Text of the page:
When compromise means victory

Now Brussels has made an offer Kiev cannot refuse: an association agreement that could eventually lead to EU membership. Western standards, products, innovation and investment all come as part of the agreement, which should profit both parties, although the Europe's advantage may be mainly in transmitting western values to a post-Soviet country.

The Ukrainian people generally back the agreement, as do the majority of businessmen and opposition politicians. The agreement offers President Yanukovych — who will stand for re-election in 2015 — the chance to create a lasting legacy from his time in office. But it also conflicts with offers from Moscow: entry into the customs union, and eventually a Eurasian economic union.

The stakes are high for both sides. The Russian government is shaking its fist and issuing threats, but it is also making efforts to entice Ukraine towards stronger ties. If Moscow were to be pushed out of its former sphere of influence, it would set a precedent and therefore undermine the dream of a Eurasian union. However, Russia’s efforts are merely strengthening Brussels’ determination. Now the EU hopes that the long wished-for transformation will finally take place. Ukraine will be stabilized, democratized and pulled away from Moscow.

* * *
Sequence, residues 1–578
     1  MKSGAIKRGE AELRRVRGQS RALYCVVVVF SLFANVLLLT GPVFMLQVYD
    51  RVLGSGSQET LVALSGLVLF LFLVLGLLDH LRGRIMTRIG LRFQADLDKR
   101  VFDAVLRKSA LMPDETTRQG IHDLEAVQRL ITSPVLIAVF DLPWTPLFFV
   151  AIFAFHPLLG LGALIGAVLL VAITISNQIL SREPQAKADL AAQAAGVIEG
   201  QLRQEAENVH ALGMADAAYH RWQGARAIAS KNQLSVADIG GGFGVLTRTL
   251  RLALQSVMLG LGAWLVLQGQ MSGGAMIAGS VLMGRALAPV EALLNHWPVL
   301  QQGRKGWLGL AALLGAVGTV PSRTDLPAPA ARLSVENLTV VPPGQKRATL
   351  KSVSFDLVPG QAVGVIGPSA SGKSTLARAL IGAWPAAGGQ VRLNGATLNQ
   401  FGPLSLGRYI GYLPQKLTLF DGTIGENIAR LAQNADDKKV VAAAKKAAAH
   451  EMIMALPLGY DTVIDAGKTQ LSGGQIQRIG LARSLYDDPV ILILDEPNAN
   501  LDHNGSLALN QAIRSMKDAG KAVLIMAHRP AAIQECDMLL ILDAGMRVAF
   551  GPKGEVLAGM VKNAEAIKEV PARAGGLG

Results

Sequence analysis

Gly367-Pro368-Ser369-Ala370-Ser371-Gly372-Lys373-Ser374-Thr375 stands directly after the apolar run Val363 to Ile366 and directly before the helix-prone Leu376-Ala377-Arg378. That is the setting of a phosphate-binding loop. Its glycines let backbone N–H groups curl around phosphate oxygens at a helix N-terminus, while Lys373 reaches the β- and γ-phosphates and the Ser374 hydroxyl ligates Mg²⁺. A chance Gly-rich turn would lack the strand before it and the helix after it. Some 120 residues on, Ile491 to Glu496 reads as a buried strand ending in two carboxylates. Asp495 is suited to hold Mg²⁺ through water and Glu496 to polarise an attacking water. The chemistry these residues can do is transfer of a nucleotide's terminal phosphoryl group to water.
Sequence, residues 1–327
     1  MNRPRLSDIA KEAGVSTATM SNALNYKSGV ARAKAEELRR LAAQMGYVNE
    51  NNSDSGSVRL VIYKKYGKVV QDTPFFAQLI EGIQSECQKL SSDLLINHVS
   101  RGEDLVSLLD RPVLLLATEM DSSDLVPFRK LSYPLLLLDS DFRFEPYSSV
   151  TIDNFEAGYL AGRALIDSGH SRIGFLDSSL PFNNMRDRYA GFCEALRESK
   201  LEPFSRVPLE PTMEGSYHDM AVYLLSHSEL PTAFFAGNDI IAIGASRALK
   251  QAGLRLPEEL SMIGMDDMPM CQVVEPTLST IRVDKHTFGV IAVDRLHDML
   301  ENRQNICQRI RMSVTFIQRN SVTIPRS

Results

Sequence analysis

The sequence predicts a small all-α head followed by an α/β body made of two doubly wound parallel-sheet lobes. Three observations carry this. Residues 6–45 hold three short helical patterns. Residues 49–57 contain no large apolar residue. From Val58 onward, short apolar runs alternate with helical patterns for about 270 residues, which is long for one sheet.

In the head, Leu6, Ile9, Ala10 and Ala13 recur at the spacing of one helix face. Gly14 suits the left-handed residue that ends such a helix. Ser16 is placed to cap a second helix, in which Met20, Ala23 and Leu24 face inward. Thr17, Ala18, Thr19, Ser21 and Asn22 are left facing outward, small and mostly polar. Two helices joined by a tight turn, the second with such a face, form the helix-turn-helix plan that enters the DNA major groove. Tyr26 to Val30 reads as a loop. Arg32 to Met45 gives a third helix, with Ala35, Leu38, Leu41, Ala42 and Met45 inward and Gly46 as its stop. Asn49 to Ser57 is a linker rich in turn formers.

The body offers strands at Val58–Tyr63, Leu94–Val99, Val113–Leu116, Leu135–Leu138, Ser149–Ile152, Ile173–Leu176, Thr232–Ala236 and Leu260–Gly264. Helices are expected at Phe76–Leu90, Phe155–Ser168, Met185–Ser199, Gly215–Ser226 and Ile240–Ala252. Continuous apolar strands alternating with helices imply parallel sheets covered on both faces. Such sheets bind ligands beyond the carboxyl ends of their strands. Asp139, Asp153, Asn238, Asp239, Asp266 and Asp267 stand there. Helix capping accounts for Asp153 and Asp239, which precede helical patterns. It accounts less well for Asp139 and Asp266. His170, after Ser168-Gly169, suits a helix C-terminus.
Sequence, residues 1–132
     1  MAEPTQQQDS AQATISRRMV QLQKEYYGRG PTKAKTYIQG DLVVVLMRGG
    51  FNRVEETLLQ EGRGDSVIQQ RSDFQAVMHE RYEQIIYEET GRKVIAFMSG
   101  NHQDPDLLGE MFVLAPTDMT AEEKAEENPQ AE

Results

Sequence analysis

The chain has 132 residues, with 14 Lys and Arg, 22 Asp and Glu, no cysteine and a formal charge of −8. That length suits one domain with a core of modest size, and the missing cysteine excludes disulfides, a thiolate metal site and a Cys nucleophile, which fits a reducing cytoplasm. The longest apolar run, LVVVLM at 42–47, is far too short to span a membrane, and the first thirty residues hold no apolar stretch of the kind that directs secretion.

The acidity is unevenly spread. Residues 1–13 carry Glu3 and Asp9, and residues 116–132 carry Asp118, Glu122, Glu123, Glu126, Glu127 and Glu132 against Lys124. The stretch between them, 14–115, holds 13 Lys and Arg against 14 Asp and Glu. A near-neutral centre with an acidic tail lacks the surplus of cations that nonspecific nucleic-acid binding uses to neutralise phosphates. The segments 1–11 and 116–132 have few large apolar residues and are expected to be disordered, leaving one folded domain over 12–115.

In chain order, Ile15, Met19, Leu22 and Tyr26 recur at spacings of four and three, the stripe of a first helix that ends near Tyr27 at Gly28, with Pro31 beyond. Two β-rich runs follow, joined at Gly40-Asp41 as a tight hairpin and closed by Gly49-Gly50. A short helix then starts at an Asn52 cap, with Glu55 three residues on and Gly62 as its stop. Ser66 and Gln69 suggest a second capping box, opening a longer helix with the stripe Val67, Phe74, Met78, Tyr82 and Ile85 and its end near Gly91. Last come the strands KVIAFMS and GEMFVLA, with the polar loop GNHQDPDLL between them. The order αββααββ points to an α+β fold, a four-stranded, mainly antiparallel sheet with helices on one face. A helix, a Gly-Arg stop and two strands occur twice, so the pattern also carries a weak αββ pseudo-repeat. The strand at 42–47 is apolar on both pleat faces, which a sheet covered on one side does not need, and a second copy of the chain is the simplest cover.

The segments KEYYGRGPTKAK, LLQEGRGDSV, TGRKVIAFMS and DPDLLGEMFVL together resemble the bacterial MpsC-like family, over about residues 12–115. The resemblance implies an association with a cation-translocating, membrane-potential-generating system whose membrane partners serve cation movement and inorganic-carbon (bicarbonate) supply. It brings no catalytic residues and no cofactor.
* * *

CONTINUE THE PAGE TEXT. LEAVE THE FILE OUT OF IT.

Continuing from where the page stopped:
Yanukovych is in a good bargaining position. If the association agreement does not succeed, it would be a political debacle for the EU. Brussels' conditions for the agreement include reforms of the justice system and electoral law — but it seems likely these may be swept under the carpet in order to secure Yanukovych’s signature, perhaps by the end of November.

There is too much at stake for the EU to turn away. The human symbol of the negotiations, Yulia Tymoshenko, may have left the country by then to be treated for her spinal condition — although the president has not yet indicated whether he will issue a pardon. Brussels would have to content itself with this compromise, and Yanukovych may celebrate another small victory, as it is highly unlikely that his opponent will be able to stand against him in 2015.